Puig et al. 1995 One patient was treated with topical 0.025% capsaicin cream 5 times daily. Symptoms were markedly relieved after five days but returned after medication was stopped. Topical capsaicin can provide symptomatic relief; however larger trials would be beneficial to confirm effect.
Fisher et al. 1987 Three pregnant patients were treated by TENS. All three patients had complete resolution of symptoms postpartum. TENS may be an effective treatment for MP; however, in this study the cessation of pregnancy may have also helped with symptom resolution.
Dureja et al. 1995 40 patients were treated with a minimum of 5 LFCN blocks and diphenhyldantoin 100 -300 mg daily for 10-12 weeks. 85% of patients experienced complete relief within 10 weeks, 5% had partial relief, and 10% showed no relief with up to six months of treatment. Most patients with MP were successfully treated with a combination of conservative management and local injections.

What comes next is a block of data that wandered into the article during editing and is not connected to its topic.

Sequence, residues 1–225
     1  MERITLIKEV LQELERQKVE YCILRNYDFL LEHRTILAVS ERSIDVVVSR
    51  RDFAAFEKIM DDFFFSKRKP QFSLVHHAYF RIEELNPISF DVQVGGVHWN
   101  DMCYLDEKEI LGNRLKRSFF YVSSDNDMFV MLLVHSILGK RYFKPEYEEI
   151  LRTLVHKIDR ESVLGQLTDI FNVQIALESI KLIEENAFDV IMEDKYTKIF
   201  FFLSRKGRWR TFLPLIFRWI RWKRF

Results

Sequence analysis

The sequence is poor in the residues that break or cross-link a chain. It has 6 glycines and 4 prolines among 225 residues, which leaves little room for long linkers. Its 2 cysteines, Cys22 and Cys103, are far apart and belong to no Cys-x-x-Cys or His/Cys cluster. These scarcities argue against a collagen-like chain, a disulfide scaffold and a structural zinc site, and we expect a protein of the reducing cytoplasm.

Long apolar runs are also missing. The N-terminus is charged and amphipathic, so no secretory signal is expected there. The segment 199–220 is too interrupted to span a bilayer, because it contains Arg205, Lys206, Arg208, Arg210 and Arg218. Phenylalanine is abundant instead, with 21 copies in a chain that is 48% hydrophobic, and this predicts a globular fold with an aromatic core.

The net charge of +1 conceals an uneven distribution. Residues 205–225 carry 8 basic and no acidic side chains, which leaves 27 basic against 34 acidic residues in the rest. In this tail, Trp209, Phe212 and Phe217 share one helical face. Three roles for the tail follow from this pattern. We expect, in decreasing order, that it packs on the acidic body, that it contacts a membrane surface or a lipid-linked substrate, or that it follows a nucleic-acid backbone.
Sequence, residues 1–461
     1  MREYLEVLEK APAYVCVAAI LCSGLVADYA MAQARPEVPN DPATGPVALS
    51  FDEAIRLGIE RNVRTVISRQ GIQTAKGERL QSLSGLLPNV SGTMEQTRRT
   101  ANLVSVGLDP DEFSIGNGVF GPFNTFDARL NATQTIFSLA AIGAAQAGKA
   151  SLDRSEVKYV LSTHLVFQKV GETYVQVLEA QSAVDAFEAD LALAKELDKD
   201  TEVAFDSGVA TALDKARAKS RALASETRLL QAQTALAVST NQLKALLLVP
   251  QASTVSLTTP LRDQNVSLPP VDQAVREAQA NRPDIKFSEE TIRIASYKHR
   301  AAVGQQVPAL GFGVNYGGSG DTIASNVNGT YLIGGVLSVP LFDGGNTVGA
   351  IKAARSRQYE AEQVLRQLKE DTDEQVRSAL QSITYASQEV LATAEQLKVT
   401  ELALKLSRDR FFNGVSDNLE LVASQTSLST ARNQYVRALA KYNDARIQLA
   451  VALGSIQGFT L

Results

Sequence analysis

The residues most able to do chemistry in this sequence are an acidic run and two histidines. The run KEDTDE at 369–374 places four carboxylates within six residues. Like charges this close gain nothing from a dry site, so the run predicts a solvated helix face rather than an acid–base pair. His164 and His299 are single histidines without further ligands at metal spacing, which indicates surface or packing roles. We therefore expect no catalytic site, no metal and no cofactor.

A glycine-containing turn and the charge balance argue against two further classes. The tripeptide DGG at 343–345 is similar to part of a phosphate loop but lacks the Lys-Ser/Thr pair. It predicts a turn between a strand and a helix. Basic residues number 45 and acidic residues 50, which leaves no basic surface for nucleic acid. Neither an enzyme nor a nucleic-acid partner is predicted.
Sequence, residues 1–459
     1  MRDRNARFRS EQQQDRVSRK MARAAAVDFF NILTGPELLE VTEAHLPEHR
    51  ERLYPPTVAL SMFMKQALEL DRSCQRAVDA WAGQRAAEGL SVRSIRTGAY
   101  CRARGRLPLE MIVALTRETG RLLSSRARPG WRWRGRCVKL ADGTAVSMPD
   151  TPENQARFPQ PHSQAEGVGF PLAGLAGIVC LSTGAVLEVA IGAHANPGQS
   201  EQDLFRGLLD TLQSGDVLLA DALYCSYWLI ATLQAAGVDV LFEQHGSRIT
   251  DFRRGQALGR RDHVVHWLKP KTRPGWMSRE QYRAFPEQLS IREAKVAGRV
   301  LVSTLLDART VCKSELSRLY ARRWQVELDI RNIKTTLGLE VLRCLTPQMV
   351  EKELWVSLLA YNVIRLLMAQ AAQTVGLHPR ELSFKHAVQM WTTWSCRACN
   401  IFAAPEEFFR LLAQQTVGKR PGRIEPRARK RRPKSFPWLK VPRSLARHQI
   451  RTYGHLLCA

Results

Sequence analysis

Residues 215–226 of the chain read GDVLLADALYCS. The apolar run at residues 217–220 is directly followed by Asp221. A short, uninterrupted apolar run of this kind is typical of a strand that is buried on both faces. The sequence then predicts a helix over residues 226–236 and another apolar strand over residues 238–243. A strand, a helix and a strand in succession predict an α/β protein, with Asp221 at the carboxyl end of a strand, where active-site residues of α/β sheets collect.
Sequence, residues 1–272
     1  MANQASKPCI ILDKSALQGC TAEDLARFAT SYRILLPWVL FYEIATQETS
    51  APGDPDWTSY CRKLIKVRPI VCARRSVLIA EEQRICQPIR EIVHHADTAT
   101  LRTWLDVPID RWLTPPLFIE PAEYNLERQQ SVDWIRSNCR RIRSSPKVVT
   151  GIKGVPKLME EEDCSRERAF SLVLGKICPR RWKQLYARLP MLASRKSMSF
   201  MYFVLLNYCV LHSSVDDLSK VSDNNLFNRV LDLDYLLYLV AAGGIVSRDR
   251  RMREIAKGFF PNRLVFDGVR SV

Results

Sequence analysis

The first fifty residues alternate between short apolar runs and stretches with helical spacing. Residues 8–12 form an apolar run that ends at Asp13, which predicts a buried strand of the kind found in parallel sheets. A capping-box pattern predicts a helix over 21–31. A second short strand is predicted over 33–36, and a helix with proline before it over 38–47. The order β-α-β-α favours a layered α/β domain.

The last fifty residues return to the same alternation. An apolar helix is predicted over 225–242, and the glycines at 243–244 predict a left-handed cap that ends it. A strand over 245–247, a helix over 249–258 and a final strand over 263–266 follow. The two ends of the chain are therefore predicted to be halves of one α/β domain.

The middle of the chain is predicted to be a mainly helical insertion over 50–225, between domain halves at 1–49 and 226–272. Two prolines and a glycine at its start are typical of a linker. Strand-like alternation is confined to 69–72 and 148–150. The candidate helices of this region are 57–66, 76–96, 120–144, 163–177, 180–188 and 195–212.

Klauser et al. 2016 20 patients were treated with US-guided injection of steroids along the LFCN at three different levels in a mean of 2.25 sessions. 75% of patients had complete resolution of symptoms and the remaining 25% had partial resolution of symptoms. US-guided injection of corticosteroids at multiple levels of the LFCN can lead to sustained symptom resolution.
Kiliç et al. 2020 Three groups were compared: single-dose US-guided LFCN injection (n=17) vs. TENS (n=16) vs. sham TENS (n=21). Patients treated with US-guided LFCN injection experienced more pain relief compared to the other groups. Both US-guided injections and TENS of the LFCN can have a therapeutic effect; however, US-guided injections show greater benefits.